Josephine Webster Dallam, volunteer

February 25, 2010|By Jacques Kelly

Josephine Webster Dallam, a community volunteer who was named a Harford County Living Treasure, died in her sleep Feb. 14 at Broom's Bloom Farm, where she had lived all her life. She was 95.

Born on that farm, she was a 1931 Bel Air High School graduate. Family members said she could recall the end of World War I in 1918 and Armistice bunting draped around the Bel Air courthouse's iron fence.

Her home on the farm was called North Point, after the Battle of North Point in which her great-grandfather, John Adams Webster, played a role in defeating the British during the War of 1812.

She was a Red Cross volunteer for more than 70 years. During the 1940s, she drove Harford countians to and from medical appointments in Baltimore.

Miss Dallam, who often spoke to students, told of farm life before electricity and automation. She learned to use an iron heated on a woodstove, she made her sausage from hogs her brother butchered, and smoked hams and bacon. She also sold eggs and butter she had churned and did canning and preserving. Her corn wine recipe appeared in The Sun in 1959.

She did demonstrations at Steppingstone Museum, where she was a founding board member. Miss Dallam made pancakes on a woodstove and churned butter by hand so visitors could learn about farm life.

According to family members, she often said she and her mother thought nothing of hitching up the horse and buggy to drive anywhere within a 10-mile radius to visit family and friends or perform errands.

"Her early life reflected a self-sufficiency once common on Harford County farms and almost unimaginable now," said a niece, Katy Dallam of Bel Air.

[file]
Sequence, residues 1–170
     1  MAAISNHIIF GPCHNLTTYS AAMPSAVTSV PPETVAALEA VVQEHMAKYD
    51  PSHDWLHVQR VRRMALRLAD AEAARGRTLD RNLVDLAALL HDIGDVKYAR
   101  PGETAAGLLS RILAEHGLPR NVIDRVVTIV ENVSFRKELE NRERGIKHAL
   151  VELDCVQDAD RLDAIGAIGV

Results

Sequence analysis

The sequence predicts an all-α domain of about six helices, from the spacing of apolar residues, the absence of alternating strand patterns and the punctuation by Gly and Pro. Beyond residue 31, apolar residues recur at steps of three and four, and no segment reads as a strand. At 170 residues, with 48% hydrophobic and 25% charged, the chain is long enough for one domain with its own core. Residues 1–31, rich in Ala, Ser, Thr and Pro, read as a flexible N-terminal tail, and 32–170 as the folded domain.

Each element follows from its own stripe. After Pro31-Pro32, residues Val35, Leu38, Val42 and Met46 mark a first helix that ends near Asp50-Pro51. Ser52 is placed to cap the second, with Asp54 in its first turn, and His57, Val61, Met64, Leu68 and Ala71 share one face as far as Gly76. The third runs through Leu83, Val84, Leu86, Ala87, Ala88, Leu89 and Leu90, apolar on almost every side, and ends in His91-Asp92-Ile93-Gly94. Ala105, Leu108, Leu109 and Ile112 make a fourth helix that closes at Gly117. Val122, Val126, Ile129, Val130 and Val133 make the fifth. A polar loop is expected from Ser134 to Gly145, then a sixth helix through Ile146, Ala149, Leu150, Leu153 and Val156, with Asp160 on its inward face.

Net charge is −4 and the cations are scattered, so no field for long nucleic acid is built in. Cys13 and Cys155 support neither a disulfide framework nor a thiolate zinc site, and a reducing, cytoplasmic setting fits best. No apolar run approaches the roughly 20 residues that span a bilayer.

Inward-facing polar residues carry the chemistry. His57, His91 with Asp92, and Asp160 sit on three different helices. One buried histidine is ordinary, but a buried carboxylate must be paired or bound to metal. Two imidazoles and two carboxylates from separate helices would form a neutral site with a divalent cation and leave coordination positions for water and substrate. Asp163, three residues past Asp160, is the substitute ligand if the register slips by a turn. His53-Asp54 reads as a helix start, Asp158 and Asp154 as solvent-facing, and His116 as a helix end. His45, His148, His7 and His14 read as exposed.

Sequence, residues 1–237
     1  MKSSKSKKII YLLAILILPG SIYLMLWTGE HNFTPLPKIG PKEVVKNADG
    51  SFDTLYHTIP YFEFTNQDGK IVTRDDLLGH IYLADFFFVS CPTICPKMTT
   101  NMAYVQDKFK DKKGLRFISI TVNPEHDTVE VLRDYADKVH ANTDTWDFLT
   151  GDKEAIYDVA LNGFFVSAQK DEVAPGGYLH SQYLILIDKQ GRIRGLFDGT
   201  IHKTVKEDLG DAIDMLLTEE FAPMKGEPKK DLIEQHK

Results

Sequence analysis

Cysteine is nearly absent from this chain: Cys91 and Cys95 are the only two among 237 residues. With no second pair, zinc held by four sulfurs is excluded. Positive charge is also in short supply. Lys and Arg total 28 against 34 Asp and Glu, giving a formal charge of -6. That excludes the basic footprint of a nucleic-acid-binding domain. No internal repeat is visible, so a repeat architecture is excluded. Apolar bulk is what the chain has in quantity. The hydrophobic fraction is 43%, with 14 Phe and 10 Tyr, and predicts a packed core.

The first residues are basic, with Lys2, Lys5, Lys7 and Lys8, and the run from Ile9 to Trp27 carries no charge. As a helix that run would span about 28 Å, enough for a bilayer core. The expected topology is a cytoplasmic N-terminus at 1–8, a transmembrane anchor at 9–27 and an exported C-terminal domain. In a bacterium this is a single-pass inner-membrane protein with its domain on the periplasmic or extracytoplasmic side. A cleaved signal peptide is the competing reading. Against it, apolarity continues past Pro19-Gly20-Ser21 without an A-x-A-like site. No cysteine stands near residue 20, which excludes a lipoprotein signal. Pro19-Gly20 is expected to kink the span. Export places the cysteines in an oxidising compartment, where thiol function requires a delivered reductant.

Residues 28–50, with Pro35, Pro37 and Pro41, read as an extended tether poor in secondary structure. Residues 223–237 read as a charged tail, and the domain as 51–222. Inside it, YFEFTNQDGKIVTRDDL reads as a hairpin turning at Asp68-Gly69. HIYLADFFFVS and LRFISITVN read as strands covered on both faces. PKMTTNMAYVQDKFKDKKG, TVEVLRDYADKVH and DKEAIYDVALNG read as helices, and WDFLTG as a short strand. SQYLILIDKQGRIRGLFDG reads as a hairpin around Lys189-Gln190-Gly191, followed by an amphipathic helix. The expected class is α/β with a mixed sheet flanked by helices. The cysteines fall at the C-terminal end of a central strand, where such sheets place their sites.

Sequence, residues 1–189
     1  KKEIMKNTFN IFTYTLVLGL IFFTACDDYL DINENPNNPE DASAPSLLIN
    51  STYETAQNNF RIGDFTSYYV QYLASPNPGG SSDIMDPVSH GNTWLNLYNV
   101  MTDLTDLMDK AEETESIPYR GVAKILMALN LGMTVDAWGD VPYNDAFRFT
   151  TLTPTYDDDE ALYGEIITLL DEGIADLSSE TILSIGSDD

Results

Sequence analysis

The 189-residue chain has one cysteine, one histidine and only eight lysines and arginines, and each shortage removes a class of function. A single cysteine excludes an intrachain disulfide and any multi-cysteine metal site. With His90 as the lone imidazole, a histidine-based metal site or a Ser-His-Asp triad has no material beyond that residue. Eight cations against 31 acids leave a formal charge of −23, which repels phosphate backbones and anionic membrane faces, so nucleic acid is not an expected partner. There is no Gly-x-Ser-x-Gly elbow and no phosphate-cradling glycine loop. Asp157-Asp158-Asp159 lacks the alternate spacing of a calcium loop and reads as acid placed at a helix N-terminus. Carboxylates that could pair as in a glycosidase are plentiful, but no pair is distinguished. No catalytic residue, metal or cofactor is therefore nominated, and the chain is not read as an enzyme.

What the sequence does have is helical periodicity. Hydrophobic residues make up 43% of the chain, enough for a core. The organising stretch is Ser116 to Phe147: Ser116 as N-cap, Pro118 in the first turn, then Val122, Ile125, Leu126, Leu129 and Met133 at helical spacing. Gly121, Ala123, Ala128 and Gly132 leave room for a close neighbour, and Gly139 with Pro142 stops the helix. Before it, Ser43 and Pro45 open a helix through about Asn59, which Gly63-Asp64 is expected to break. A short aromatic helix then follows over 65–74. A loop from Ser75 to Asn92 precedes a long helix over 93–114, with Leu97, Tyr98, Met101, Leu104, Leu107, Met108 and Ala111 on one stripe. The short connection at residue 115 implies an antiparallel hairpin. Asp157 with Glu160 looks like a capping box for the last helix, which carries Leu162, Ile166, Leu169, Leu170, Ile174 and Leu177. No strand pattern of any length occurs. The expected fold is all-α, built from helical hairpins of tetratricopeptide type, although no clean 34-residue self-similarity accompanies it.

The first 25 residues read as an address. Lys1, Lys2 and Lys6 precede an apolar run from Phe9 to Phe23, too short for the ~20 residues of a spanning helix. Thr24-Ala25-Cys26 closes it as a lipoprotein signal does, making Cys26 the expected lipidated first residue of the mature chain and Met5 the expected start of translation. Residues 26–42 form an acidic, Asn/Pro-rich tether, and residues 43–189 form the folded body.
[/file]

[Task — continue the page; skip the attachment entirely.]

She recalled her aunt as a "gracious hostess" who entertained guests at tea parties featuring well-ironed damask linens, bone china and homemade sweets.

"My aunt was a conversationalist who delighted in making newcomers feel at home. She was an interested listener, as well as a convivial responder whose turn of phrase was reminiscent of her Victorian parents. She was tactful and generous in spirit, but she was also forthright," said the niece.

Miss Dallam sold children's clothing at The Kiddie Shop on Main Street in Bel Air for nearly 20 years until the store closed in the 1970s.

She also delivered for Meals on Wheels.

Services were held Saturday at St. Mary's Episcopal Church in Emmorton, where she had been a life member and vestry secretary.

Survivors also include an additional niece, Ariel D. Taxdal of Bel Air; and two nephews, William Dallam V of Tully, N.Y., and David H. Dallam of Bel Air.

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